IN THE Grödener-Thal lie dispersed in every direction about 135 farms, which form the parish of Wolkenstein, also called Santa Maria, and above its pretty little chapel, on the top of the peak of Sabbiakopf, rise the ruins of the once famous stronghold of Wolkenstein, which is said to have been built in the time of the Romans by a pagan general, who through his wild and cruel behaviour became the scourge of the inhabitants of all the surrounding valleys.
One day a poor pilgrim went to the castle, asking for charity, but the general ill-treated him so cruelly that he died, and in his last agony the pilgrim cursed the castle, and invoked upon it immediate destruction. Directly afterwards a huge mass of rock fell and buried it, together with its tyrannical lord, who was not less dreaded than the fearful Orco, whose abode lay in this country.
Some centuries later on, a wandering knight arrived in the neighbourhood, seeking treasures in the ruins of the castle; and it is generally believed that his search was successful, because before then he was very poor, and now he began to build a magnificent castle upon the old ruins, and called it also Wolkenstein. Every future proprietor took the name of the castle, together with the title of Count, and up to the present day the family are a wealthy, powerful, and extended race. One of their ancestors was the celebrated Minnesinger, Oswald von Wolkenstein, who lived in the days of “Frederick with the empty pocket.”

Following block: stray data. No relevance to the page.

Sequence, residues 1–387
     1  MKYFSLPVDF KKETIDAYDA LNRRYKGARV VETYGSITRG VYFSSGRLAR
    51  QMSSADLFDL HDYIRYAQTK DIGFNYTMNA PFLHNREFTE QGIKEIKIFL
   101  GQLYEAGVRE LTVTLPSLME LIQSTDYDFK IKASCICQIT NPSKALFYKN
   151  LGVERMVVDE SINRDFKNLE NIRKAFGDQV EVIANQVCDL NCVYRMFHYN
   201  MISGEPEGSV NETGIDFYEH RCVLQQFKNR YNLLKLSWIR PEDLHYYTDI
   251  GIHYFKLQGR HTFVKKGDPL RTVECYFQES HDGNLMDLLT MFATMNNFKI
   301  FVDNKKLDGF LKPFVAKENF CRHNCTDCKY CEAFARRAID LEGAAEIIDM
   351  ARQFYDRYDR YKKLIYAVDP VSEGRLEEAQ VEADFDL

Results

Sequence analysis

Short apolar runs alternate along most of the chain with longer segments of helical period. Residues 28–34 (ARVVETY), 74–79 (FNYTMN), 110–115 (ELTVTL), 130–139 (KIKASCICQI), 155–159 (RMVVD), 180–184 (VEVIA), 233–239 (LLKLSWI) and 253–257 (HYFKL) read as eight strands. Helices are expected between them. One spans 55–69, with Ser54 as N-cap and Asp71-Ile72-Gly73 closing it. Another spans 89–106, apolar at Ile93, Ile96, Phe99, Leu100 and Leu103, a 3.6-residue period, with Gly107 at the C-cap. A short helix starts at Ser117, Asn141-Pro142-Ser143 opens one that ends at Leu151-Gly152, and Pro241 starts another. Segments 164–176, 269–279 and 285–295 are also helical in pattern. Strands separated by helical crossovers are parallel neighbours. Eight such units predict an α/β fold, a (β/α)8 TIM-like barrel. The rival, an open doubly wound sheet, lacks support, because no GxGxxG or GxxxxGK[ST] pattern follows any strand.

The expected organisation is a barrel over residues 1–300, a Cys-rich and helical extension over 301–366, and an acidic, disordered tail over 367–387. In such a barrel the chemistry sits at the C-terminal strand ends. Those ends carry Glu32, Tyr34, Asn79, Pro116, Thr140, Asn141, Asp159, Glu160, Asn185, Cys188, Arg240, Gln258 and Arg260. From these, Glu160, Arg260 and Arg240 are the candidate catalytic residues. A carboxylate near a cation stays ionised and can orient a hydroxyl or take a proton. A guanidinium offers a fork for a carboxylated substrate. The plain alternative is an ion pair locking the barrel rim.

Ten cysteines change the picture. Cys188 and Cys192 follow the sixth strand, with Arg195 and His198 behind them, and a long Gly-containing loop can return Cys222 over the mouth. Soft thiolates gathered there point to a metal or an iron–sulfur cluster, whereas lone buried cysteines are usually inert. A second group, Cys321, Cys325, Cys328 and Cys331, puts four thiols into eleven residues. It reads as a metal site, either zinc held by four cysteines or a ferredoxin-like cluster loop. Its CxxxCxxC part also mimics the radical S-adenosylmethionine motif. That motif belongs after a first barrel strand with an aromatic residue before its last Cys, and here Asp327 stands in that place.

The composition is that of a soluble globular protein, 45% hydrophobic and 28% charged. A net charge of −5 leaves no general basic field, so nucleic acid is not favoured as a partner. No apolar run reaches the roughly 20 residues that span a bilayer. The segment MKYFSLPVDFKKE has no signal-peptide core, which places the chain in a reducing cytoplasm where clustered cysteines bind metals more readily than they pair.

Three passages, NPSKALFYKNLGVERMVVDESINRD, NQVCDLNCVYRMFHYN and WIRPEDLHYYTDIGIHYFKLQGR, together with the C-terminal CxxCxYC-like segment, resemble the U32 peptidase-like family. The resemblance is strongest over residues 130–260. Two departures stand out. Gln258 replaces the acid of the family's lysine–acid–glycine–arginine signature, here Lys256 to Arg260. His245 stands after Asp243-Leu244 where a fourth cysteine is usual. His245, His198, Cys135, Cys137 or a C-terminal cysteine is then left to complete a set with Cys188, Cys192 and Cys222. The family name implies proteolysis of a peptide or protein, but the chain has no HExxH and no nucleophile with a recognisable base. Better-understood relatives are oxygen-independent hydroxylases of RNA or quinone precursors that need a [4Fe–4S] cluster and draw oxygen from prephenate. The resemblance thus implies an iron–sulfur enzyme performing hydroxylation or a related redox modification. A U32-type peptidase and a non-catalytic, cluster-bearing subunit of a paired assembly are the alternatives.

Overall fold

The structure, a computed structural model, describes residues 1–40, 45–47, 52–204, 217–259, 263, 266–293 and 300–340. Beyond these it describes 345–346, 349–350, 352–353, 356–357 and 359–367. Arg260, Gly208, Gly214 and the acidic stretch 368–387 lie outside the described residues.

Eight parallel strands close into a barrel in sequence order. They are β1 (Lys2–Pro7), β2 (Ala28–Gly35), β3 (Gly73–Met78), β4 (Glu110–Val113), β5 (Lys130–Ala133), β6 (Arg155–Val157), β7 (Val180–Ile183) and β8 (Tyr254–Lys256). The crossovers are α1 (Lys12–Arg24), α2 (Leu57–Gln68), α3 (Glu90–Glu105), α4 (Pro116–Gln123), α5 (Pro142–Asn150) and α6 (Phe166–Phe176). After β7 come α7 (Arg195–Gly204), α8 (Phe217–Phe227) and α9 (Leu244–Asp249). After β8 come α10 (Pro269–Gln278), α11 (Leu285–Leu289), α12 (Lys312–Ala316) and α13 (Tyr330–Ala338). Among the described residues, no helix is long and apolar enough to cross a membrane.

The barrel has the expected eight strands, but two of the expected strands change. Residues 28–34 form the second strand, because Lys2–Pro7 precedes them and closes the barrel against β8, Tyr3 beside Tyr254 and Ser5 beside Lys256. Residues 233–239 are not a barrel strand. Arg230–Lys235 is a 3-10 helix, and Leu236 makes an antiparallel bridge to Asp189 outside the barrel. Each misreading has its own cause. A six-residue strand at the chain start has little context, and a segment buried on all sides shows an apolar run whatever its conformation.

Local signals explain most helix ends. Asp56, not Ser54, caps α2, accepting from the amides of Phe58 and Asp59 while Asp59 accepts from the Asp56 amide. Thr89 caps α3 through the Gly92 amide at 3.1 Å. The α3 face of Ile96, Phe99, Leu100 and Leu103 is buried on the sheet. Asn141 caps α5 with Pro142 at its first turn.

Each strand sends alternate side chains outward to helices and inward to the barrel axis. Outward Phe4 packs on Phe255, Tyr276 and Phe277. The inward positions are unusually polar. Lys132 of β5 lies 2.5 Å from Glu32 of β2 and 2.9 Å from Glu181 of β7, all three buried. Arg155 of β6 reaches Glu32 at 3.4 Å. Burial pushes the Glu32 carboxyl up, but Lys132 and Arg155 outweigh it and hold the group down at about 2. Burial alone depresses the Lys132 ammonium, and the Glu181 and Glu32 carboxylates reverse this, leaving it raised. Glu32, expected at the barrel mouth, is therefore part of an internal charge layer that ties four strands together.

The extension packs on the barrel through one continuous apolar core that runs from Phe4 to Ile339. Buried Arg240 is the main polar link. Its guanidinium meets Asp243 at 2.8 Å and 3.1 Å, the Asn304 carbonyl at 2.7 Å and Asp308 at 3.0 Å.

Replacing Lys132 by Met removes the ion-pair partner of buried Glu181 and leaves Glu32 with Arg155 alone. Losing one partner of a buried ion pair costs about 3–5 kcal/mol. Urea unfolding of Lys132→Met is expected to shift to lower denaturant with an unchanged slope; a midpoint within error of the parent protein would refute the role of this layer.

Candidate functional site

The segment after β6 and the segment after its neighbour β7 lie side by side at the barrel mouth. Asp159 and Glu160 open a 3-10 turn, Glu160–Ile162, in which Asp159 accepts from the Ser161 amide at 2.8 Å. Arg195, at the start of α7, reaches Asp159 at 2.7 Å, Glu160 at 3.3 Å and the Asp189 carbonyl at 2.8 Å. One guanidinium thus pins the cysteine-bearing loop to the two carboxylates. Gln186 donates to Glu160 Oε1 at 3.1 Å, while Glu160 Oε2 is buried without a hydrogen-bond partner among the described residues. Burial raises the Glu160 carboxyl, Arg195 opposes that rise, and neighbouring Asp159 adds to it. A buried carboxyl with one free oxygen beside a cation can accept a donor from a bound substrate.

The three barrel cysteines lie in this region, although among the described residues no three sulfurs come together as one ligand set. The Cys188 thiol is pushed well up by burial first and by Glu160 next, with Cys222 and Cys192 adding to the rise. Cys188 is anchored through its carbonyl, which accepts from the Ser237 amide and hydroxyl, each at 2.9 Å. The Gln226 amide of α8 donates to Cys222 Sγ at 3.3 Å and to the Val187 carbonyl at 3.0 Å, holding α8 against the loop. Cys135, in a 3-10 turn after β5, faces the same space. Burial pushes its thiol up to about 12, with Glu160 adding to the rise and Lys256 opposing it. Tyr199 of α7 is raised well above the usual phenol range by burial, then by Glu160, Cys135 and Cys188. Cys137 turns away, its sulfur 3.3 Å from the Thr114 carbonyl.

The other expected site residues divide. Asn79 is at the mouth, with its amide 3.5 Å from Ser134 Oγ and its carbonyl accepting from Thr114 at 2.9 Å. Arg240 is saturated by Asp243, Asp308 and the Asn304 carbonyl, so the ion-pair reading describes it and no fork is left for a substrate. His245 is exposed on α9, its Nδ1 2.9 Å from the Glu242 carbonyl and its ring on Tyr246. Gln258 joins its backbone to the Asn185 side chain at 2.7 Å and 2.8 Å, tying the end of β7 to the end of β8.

Later on the castle was struck by lightning, and one of the Counts built a new castle in the valley below, and gave it the name of Fischburg; and the old castle of Wolkenstein has since tumbled into decay, but its magnificent and imposing ruins are still to be seen.